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MI6 thwarts S. Africa-Iran business deal – spy cables

MI6 thwarts S. Africa-Iran business deal – spy cables
MI6 officials helped stop the sale of equipment by a South African company to an Iranian firm, which was suspected of involvement in weapons manufacturing in Iran, a leaked spy cable reveals.

According to a cable titled “Secret UK/SA eyes only,” which was obtained by Al Jazeera’s Investigative Unit, Britain said Electric Resistance Furnaces (ERFCO) had struck a deal with Iran worth between $500,000 and $1 million (£325,000-£640,000), between late 2007 and early 2009.

The document reveals the work of MI6 and other foreign intelligence services to halt what they saw as the material support of Iran’s nuclear weapons and ballistic missile program.

The secret document was titled: “Urgent request for assistance to halt ERFCO Furnaces supplying equipment to Iran.” It says the furnace company dealt with several front companies to ultimately serve the Iranian Shahid Sattari Ground Equipment Industries (SSGEI) organization.

This organization was described by the British as “responsible for the production of missile launchers and ground support equipment and is involved in the development of rocket bodies.”

The cable states: “It is known that it will significantly enhance Iran’s ability to produce ballistic missiles, including some which would be suitable for carrying nuclear warheads.”

The furnace maker was then “advised most strongly” to end this contract when the project was already two-thirds completed.

READ MORE:CIA sought access to ‘terrorist’ Hamas, Obama threatened Abbas - spy cables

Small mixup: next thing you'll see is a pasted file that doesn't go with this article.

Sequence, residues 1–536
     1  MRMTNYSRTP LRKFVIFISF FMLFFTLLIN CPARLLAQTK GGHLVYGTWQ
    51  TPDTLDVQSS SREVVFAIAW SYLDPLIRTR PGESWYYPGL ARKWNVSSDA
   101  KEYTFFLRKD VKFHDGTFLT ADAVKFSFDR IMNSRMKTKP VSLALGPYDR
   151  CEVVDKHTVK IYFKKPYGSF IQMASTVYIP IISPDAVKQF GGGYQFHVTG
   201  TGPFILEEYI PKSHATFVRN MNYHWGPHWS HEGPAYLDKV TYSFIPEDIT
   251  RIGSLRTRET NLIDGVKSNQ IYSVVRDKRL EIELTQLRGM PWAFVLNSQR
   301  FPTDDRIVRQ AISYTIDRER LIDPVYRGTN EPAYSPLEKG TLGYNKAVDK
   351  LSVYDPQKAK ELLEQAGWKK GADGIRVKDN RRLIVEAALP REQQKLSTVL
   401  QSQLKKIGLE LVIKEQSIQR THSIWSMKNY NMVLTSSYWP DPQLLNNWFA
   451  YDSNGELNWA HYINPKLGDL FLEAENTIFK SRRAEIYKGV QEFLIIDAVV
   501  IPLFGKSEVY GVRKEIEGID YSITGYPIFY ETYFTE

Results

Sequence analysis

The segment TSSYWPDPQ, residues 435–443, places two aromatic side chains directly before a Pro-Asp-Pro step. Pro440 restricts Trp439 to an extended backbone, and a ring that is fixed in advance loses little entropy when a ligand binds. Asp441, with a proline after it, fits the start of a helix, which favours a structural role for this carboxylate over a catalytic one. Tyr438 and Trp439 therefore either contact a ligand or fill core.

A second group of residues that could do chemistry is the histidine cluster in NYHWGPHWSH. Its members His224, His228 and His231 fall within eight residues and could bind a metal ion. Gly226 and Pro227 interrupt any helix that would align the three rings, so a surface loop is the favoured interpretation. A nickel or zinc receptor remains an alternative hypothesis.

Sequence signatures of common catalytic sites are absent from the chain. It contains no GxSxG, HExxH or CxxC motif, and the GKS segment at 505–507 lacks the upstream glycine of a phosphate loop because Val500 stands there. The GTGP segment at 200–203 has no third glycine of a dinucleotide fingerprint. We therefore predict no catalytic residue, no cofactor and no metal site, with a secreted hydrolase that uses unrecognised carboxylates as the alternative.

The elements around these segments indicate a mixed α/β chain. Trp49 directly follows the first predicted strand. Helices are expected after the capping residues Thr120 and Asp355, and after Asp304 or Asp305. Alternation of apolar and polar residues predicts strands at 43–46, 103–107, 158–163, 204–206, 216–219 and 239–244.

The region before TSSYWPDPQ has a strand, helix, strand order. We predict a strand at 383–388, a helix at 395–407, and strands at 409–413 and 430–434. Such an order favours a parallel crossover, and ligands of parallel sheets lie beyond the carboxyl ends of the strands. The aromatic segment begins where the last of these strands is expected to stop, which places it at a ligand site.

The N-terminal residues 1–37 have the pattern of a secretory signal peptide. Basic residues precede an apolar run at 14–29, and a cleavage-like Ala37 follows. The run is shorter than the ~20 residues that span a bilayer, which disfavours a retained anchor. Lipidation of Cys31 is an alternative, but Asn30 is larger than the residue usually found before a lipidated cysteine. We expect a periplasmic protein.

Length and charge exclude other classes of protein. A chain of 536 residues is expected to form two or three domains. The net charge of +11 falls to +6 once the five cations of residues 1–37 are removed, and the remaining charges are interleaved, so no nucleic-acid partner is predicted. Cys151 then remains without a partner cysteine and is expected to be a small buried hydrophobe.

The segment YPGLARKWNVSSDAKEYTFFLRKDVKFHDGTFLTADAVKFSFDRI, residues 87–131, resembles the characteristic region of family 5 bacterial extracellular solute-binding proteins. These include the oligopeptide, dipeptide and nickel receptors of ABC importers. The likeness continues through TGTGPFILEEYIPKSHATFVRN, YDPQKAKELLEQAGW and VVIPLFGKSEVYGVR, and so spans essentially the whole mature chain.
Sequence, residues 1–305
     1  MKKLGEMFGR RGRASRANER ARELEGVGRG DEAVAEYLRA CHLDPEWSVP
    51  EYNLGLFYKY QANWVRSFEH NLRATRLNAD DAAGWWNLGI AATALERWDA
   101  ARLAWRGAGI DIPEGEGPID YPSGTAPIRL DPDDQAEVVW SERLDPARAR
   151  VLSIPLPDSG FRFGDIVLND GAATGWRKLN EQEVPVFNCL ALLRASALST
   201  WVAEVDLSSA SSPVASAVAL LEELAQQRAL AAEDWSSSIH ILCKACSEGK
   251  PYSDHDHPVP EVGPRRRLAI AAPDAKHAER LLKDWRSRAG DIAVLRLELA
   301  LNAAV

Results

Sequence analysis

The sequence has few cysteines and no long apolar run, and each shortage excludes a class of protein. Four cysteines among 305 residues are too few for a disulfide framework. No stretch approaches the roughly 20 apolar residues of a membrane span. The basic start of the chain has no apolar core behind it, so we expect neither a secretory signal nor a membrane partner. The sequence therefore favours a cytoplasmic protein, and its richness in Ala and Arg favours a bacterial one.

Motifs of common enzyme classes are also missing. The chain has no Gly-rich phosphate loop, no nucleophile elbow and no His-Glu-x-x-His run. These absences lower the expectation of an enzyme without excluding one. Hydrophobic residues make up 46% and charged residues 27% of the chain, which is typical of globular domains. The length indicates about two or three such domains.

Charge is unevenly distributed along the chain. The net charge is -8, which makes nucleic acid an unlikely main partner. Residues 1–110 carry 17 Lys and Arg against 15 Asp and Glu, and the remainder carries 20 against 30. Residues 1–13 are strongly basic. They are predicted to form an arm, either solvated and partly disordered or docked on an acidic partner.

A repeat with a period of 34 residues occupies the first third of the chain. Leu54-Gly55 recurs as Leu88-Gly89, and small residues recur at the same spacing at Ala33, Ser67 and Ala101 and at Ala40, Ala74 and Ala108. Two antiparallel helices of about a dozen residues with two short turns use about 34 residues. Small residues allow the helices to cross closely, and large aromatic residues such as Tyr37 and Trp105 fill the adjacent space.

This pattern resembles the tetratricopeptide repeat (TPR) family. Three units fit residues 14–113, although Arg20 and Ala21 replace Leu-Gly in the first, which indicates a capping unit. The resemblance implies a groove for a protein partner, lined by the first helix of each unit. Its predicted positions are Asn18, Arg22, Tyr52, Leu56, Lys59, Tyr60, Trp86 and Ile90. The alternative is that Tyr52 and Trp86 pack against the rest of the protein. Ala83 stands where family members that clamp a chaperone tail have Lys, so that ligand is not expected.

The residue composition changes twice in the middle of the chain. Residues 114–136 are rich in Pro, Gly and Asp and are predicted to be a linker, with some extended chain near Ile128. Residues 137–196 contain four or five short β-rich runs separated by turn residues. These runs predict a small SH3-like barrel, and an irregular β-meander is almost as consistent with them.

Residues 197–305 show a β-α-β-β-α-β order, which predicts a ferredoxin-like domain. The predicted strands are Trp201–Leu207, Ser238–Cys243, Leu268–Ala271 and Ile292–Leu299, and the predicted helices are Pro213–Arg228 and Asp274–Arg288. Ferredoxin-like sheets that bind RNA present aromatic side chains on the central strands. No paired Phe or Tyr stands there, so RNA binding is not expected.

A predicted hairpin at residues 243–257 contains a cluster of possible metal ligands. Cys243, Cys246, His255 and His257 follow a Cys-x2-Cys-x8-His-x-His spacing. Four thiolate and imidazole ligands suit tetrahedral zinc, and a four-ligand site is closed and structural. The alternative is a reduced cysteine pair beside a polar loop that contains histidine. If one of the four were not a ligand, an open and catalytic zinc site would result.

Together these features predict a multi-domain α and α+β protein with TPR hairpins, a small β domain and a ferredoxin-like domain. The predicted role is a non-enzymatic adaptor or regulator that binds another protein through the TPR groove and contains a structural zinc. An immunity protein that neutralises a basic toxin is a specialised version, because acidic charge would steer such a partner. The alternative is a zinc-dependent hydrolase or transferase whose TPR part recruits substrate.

In 2013, the US imposed sanctions on Shahid Bakeri Industrial Group (SBIG) and Shahid Sattari Ground Equipment Industries “because these entities contributed materially (or posed a risk of contributing materially) to the proliferation of WMD or their means of delivery (including missiles capable of delivering such weapons),” the US State Department said.

In the cable, British agents urge South African officials to intervene in the business deal between the two companies.

“We would be grateful for any action you may be able to take under your export licensing laws to prevent the proposed visits going ahead, and any other dealings ERFCO and other South African entities may have with Esfahan Steel/LMI,” the document said.

“We believe such action would be consistent with South Africa’s international obligations, as it would be with ours.”

The #SpyCables story is going to be interesting to watch unfold. Seems like a lot of unsavory countries use us as a gateway to the West.

— uMangethe (@KagisoZ) February 24, 2015

The South African company has since shut down. A former employee denied it was supplying a military project and said the Iranian company was a petrochemical firm.

“We were advised most strongly to stop. They said it was in our best interests to shut it down. We had no choice, so we did. We were cheesed off about it. We thought we were doing something legitimate and then suddenly we were told it wasn’t legitimate,” an ex-employee told the Guardian.

First we had #SpyTapes now we have #SpyCables. Maybe we should have #SpyVsSpy

— Peter Herring (@Peter_O_Herring) February 24, 2015

This leak provides an unprecedented insight into links between South African intelligence services and its foreign counterparts, including Britain’s MI6.

#SpyCables One Of The Best Ways To Achieve Justice is to Expose Injustice Julian assange

— abdikadir aden (@daadir96) February 24, 2015